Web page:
the number of ways to choose the departments are 4C3 ways. For selecting a person from each department is 4C1 X 4C1 X 4C1 ways. So the total number of ways (I presume my calculation is leading to distinct teams) is
4C3 X 4C1X 4C1 X4C1 ways= 4^4 ways. Could anyone please validate my thinking or correct me. Thanks.
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Re: A firm is divided into four departments, each of which contains four  [#permalink]

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New post 31 Aug 2011, 07:02
I'm trying to solve the problem using reverse combination approach.Please,Can anyone help.

Need to choose 3 people from 16 so 16C3.

No. of ways to choose 3 people from the same team 4C3.since there are four teams (4C3)^4

16C3 - (4C3)^4

=560-256

=304
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Re: A firm is divided into four departments, each of which contains four  [#permalink]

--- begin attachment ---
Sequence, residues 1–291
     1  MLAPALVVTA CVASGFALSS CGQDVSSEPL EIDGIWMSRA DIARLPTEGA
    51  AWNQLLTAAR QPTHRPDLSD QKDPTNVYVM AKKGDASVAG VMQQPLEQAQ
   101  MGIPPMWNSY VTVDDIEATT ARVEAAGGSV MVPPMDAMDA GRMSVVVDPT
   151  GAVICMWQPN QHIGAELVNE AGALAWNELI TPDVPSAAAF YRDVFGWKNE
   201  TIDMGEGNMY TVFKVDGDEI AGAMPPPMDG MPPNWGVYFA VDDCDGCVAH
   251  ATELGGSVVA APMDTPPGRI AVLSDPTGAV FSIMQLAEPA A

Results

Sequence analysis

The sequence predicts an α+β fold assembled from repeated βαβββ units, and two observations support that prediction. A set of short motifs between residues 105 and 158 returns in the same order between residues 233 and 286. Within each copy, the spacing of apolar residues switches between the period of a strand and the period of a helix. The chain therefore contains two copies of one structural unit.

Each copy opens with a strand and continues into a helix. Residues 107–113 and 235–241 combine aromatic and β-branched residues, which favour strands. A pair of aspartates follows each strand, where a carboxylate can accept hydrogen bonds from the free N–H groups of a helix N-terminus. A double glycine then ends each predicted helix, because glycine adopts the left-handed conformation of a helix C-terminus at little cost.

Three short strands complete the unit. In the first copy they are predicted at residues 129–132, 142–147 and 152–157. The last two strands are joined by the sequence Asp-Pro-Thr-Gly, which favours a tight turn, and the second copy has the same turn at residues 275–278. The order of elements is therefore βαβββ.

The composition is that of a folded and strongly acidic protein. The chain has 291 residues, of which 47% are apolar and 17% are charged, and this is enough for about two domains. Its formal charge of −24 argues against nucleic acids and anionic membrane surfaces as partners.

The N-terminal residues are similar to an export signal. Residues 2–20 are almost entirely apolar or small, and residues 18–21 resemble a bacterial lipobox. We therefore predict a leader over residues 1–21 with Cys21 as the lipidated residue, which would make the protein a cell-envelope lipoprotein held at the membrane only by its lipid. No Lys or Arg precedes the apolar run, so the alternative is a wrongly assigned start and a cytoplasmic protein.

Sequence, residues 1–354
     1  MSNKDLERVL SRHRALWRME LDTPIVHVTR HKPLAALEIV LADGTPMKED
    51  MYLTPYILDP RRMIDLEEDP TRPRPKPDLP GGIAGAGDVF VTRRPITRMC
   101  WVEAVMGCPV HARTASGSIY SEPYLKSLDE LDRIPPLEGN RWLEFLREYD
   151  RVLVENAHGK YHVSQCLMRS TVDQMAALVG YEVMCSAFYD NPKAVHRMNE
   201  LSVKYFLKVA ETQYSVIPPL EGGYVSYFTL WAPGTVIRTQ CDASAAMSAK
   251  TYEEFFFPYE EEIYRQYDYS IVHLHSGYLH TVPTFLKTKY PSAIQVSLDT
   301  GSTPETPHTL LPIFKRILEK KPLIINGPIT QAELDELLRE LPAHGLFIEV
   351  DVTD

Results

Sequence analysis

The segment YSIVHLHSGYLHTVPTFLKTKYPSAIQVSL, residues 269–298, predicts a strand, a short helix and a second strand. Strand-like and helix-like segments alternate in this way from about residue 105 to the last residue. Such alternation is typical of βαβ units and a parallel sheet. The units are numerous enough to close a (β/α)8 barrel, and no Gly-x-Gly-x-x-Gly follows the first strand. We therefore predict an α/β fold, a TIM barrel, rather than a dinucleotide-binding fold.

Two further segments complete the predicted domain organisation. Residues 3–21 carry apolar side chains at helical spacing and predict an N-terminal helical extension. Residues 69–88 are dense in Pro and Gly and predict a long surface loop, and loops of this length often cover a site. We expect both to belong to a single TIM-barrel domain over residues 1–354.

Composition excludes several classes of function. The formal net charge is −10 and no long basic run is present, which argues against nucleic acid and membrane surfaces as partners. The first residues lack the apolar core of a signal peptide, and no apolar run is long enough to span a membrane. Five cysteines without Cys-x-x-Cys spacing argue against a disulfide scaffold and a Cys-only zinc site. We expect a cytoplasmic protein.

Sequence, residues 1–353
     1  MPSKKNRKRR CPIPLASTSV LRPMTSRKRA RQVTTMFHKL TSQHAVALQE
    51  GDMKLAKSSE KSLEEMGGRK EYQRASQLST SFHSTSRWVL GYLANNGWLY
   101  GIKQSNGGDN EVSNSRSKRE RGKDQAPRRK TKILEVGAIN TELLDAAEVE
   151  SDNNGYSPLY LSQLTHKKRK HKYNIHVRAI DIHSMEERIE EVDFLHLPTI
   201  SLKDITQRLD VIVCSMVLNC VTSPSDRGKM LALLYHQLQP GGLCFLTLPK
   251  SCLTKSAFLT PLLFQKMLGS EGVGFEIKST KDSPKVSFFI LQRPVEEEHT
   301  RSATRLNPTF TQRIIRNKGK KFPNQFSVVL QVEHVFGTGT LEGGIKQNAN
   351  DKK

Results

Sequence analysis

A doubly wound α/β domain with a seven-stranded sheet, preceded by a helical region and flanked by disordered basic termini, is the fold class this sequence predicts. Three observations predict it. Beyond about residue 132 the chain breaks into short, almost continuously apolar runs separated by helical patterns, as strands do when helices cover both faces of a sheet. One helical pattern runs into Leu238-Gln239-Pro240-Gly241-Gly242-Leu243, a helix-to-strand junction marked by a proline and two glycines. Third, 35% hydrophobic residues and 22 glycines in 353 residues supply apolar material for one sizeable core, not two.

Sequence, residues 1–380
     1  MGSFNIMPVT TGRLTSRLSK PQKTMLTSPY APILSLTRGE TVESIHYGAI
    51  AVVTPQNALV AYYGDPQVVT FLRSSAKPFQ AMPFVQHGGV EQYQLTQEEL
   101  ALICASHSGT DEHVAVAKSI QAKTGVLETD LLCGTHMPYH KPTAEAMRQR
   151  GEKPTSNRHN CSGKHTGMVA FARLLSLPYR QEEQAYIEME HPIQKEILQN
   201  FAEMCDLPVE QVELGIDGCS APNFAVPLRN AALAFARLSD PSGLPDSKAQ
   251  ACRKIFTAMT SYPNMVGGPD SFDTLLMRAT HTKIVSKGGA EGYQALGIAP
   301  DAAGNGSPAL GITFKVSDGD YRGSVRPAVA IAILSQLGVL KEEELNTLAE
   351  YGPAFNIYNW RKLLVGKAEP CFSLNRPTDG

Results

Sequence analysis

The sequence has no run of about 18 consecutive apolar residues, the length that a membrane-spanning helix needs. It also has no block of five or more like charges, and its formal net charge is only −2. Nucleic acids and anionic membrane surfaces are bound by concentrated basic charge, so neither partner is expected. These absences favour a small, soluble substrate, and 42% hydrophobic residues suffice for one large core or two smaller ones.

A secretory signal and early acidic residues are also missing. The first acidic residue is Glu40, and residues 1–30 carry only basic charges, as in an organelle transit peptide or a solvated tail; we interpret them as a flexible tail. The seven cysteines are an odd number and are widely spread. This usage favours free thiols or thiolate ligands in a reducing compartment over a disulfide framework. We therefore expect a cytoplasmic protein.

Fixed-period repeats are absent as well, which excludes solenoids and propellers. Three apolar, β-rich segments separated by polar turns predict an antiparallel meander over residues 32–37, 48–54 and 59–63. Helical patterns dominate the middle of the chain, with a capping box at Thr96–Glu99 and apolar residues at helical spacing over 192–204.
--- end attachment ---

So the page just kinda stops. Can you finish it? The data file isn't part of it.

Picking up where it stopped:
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New post 31 Aug 2011, 09:34
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klueless7825 wrote:
I'm trying to solve the problem using reverse combination approach.Please,Can anyone help.

Need to choose 3 people from 16 so 16C3.

No. of ways to choose 3 people from the same team 4C3.since there are four teams (4C3)^4

16C3 - (4C3)^4

=560-256

=304


First of all, this approach is complicated, convoluted and error prone. I'd go by Bunuel's explanation. Different permutation and combination problems are done using different methods. You just need to pick the most apt one for a specific type.

Anyway,
No. of ways to choose 3 people from the same team 4C3.since there are four teams (4C3)^4

This is not entirely correct.
Number of ways to choose 3 people from the same team: 4C3. Correct
There are four teams: (4C3)^4. Not correct.

Remember, here you need to add the numbers not multiply because you choose from 1 OR choose from 2 OR choose from 3 OR choose from 4.

Secondly, you have missed out another case in which just 1 candidate is picked from 1 team AND 2 candidates are picked from another team. Because, that will also be the NOT one candidate from each team.

So, actual answer could be arrived by this:
\(Total=C^{16}_{3}=560\)